The CLEAR Act, from Cantwell & Collins, Get Its Close-up
One striking thing about the CLEAR Act formulated by senators Maria Cantwell (D-WA) and Susan Collins (R-ME) is its lack of heft: It’s 39 pages. Another is that it would (in theory) pay a family of four an estimated $1,100 per year in dividends, to offset any extra costs in clean energy prices.
Senators can really appreciate a climate change bill that comes in under 1,000 pages (Waxman-Markey weighs in at 1,428, Kerry-Lieberman at 987), and the person-in-the-street tends to perk up at the idea of getting a check for $1,100. Who cares what it’s for! (Cantwell and Collins call it a “cap-and-dividend” bill, and say it will reduce greenhouse gas emissions by 80 percent by 2050, while driving the free market to seek out and implement clean energy options.)
Senate Majority Leader Harry Reid and the Democratic Caucus have made the CLEAR Act an object of keen interest, recently, and Cantwell has been holding audiences all over Capitol Hill (coming up, the White House).
When the Act made its debut at the end of last year, even wonks were bowled over by its simplicity; local public policy-pushers Sightline admitted that the only real problem they had was that it seemed too good to be true. Alan Durning wanted a lot more detail on how exactly this cap-and-dividend plan would work. (Durning was also divided on Waxman-Markey.) Grist said this could be the bill that puts climate change back on the table.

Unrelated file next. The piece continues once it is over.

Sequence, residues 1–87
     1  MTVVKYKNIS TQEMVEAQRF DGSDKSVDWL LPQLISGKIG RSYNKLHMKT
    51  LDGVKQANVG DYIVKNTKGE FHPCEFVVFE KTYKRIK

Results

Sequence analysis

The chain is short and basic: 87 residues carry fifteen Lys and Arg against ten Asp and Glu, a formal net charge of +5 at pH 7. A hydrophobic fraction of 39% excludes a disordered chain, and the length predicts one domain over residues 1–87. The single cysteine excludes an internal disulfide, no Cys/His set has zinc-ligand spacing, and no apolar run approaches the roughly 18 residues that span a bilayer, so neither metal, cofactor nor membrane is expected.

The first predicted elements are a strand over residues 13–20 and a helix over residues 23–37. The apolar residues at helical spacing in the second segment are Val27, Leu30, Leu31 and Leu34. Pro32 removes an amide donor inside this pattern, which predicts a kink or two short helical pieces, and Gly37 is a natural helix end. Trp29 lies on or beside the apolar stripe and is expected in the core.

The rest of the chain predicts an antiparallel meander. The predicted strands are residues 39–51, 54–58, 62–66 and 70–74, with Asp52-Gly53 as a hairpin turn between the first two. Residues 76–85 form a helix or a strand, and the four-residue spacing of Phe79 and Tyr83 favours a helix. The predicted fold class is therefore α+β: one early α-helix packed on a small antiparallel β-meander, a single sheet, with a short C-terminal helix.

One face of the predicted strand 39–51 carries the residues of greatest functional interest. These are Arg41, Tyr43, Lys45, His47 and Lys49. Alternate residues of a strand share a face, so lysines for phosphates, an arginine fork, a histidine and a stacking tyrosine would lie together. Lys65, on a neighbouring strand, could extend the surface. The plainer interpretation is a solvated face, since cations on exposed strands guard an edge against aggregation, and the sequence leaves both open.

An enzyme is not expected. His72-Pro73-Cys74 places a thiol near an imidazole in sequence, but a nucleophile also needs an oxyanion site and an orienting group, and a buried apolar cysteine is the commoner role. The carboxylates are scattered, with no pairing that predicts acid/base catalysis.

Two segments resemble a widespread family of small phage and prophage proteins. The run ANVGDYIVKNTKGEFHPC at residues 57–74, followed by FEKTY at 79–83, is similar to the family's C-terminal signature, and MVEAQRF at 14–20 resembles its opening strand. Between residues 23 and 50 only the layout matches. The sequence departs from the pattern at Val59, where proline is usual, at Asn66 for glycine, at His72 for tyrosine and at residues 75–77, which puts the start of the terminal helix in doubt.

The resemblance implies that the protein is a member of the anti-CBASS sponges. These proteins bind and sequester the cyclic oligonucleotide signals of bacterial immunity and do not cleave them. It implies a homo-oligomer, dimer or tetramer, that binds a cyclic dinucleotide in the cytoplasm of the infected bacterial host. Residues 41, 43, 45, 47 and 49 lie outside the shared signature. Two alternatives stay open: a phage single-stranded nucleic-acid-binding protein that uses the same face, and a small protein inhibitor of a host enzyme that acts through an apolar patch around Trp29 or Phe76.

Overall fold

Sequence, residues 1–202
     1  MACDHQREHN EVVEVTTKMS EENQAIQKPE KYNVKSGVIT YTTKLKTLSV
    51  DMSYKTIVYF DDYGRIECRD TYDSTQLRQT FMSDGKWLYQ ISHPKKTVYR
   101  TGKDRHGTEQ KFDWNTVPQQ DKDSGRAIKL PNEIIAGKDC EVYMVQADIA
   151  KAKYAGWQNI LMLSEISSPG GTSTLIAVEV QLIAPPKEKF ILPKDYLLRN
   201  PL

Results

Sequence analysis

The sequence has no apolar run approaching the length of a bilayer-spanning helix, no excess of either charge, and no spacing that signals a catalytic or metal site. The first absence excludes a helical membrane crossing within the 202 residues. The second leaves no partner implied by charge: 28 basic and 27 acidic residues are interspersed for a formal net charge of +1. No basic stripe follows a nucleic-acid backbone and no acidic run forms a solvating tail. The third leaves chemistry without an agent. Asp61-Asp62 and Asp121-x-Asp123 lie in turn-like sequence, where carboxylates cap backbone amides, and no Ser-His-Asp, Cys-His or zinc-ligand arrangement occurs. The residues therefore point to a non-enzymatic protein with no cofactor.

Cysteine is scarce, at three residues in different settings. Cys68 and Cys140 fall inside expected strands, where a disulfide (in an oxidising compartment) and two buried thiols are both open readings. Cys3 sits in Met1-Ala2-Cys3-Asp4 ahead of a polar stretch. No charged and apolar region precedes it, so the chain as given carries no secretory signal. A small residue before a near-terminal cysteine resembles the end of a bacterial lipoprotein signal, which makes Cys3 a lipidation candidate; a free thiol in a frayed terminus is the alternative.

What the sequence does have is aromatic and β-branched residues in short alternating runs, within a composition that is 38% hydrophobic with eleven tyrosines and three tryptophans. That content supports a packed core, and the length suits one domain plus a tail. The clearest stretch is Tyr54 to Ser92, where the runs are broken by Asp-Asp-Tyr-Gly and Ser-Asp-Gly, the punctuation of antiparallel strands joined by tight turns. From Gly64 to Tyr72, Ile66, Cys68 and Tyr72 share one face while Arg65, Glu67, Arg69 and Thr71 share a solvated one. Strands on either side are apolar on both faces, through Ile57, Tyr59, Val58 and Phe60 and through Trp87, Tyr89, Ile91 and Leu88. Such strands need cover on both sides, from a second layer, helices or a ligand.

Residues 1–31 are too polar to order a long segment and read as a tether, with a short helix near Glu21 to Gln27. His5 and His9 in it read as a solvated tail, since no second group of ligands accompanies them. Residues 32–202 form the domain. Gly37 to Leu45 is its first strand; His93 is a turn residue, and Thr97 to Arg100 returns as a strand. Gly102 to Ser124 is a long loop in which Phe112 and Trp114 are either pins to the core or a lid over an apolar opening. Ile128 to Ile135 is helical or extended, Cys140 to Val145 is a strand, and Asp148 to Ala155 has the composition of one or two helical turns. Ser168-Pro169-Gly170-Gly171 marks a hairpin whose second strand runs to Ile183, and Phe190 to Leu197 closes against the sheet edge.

By February, the CLEAR Act had become the darling of the bills under review, though Sightline’s Eric de Place was still holding firm (on Grist) on spelling things out: “Getting the details right matters hugely, and the current version of CLEAR is simply too short on the nitty-gritty to assuage our concerns.”
Sightline was hoping Cantwell would revise the Act in the intervening months, but Cantwell has stuck to her brevity guns, which leaves Sightline still holding onto ACES, and leaning toward Kerry-Lieberman. Says de Place:
We’re pulling for a comprehensive and effective carbon policy. The flagship bills have been ACES (passed the House last summer) and Kerry-Lieberman (now floating around the Senate). Both have flaws, but both would be huge game-changers.
We like the CLEAR Act in many respects, but we think it has a few significant (fixable) problems. Mainly, we think it’s big selling point, its brevity and alleged simplicity, is actually its Achilles’ Heel. It’s hard to make a judgment about it, when big portions of its carbon reductions are just sketched rather than explain and legislated in detail.